If Daniel is starting to have flu-like symptoms, Nia encourages him to rest as much as possible and he doesn’t go horse riding.

Age at interview: 27
Sex: Female
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Yeah we tend to encourage him to rest as much as possible so one of his hobbies for example is horse riding which obviously is outdoors, in the winter it’s a lot of cold air going up your nose which is another potential trigger for asthma, and it’s a bit you know dusty and etcetera. So we tend to withhold things like that   if he’s starting to show symptoms of flu-like illness. And encourage him just you know to rest as much as possible. Not over exert himself too much so we try and reduced a lot of the likelihood of him becoming breathless and wheezing unnecessarily. Another thing that is just making sure he stays warm you know if he, if he feels cold you know make sure we’ve got the heating on, make sure he’s got a blanket or whatever. But we don’t do anything else particular I don’t think.
 

Naomi sends her younger daughter who has Type 1 diabetes to stay with her Mum if her sister is ill.

Naomi sends her younger daughter who has Type 1 diabetes to stay with her Mum if her sister is ill.

Age at interview: 39
Sex: Female
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What about, just out of interest I’ve just thought of this, the swine flu year I don’t know what she would have been? She would have been, that was that four years ago.

Well they thought my oldest had that. 

Did she?

And she had to have the course of treatment but no she was fine, the younger one.

Did she have that?

But she actually went to my Mum’s, she went and stayed at my Mum’s while my older one had the treatment ‘cos we didn’t want her to, she was diabetic yes, so we didn’t, well we knew that she could, if it was, I don’t think my older one did have it but…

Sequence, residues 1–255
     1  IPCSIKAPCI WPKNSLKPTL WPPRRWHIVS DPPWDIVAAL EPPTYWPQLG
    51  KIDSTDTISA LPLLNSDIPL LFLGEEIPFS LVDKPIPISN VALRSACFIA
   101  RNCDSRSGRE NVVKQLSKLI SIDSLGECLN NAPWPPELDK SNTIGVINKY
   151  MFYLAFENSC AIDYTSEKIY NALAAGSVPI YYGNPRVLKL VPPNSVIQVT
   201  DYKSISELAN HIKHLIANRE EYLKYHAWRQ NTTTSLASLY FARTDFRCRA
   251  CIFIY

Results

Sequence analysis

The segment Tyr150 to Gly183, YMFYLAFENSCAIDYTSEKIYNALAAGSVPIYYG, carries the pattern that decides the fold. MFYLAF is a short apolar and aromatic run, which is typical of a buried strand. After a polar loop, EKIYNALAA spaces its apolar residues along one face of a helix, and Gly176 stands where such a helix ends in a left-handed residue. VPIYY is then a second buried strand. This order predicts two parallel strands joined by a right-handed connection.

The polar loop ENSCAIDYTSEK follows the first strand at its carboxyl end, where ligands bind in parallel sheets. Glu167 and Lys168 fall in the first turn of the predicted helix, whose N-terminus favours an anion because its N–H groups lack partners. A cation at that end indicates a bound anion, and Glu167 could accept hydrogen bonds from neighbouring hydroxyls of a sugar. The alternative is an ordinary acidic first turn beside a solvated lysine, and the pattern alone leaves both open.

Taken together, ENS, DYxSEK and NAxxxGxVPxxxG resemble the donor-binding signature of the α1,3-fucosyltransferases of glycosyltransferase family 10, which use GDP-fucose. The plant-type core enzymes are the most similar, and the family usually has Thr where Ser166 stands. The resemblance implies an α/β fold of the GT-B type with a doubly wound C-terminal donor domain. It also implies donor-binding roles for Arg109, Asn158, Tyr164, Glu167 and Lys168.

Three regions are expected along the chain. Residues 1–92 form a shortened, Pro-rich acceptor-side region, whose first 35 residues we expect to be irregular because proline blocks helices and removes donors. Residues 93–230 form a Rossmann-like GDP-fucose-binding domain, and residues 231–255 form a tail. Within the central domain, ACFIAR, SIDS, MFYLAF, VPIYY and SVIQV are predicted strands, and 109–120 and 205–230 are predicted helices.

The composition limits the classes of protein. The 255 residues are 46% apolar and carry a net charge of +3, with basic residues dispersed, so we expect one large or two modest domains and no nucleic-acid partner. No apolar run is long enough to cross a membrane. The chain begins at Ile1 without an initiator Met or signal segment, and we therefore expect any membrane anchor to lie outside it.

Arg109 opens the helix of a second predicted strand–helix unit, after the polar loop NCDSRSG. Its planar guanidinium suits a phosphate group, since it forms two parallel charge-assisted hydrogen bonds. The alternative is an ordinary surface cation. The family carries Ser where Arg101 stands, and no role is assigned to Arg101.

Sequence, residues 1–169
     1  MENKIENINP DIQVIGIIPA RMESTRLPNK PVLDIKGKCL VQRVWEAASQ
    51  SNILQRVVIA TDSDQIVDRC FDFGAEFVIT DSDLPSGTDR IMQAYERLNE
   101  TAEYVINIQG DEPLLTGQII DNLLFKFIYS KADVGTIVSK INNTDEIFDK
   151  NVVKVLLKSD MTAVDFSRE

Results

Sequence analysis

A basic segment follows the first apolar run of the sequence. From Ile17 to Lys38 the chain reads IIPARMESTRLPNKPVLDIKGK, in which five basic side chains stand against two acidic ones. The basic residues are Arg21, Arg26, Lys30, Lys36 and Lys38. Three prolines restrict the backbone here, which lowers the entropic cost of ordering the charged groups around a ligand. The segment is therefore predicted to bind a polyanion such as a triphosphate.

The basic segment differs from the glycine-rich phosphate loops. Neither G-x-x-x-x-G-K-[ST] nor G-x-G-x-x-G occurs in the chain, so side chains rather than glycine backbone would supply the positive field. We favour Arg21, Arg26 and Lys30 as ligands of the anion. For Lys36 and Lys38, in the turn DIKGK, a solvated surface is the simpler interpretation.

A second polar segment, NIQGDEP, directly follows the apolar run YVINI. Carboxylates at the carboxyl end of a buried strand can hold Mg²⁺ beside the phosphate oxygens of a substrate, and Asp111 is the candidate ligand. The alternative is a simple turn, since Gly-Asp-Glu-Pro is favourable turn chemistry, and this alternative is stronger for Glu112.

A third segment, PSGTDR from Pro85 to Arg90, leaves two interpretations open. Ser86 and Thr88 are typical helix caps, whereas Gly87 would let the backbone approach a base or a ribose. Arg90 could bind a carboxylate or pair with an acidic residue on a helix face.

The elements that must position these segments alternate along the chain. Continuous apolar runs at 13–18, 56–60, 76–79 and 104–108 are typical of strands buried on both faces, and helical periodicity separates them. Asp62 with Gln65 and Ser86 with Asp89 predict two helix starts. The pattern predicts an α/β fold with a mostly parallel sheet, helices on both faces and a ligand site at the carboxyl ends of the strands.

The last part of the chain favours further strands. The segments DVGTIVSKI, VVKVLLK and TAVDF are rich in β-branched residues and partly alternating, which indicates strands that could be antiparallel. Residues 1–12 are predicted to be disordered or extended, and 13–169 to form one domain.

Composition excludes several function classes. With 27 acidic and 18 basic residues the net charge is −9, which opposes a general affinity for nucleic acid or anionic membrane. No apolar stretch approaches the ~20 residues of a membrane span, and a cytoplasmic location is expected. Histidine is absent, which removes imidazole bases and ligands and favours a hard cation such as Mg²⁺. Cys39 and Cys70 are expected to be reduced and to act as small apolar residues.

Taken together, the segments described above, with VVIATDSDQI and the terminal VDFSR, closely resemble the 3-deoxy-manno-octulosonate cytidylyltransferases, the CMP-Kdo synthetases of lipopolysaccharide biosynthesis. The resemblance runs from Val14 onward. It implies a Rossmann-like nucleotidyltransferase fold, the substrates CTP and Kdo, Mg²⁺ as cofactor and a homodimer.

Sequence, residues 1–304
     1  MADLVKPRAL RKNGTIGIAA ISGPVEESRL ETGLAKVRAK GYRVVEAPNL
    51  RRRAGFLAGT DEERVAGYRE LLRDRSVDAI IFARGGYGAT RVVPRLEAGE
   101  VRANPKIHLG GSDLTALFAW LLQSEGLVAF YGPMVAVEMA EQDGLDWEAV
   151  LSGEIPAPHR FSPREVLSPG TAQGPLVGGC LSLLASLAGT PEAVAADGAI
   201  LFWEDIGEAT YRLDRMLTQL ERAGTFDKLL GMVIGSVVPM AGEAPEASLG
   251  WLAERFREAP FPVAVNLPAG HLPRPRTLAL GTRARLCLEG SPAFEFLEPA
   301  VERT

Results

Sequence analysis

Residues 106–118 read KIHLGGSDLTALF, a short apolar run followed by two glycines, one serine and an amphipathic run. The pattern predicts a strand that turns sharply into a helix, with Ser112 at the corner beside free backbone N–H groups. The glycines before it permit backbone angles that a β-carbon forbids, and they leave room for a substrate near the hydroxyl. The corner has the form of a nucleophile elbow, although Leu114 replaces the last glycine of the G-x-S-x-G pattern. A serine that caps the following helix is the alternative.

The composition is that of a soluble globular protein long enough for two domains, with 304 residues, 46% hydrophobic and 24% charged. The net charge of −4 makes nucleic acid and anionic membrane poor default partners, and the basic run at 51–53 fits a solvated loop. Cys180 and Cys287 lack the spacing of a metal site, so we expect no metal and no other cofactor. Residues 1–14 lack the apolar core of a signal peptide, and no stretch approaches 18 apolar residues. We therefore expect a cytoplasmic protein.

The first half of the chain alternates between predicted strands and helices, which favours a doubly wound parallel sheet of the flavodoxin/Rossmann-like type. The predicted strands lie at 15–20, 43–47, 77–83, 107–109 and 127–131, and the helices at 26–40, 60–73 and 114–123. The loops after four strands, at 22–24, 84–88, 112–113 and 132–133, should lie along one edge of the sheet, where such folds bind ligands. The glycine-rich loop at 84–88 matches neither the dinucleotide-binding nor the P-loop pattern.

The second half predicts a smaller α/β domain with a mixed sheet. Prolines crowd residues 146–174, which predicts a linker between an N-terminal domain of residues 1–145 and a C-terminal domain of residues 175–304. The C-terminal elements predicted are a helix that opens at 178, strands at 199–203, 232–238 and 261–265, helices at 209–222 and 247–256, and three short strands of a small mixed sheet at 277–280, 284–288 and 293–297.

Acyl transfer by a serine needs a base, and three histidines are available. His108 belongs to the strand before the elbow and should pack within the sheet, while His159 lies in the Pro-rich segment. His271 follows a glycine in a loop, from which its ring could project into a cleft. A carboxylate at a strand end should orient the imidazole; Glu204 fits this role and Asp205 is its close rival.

Oh I see.

Yeah.

To be safe.

Yes, anything like that if my older one has anything like that she would go to, the younger one would go to my Mum’s so she’s out of sort of the risk really.

It’s no, I just wouldn’t…

Just don’t want her to…?

No, just don’t even want to take the risk.
Some parents believed having viruses and colds was an important part of building up their child’s immune system. Kate said, “Being ill is part of life to be honest. I can’t keep him wrapped up in cotton wool. He needs to get these illnesses and build up his system.” Karen said, “You can’t really avoid life and unfortunately life is other people with their germy hands and germy sneezes and germy coughs.” 

Others though were keen to try to reduce the frequency of illness their children experienced. Some avoided children’s parties and playdates to avoid contact with other children who had colds, others were particularly careful about washing their hands. Kate said that she would avoid playdates with children who had colds if it was before her child had an operation or were going on holiday, but otherwise she didn’t.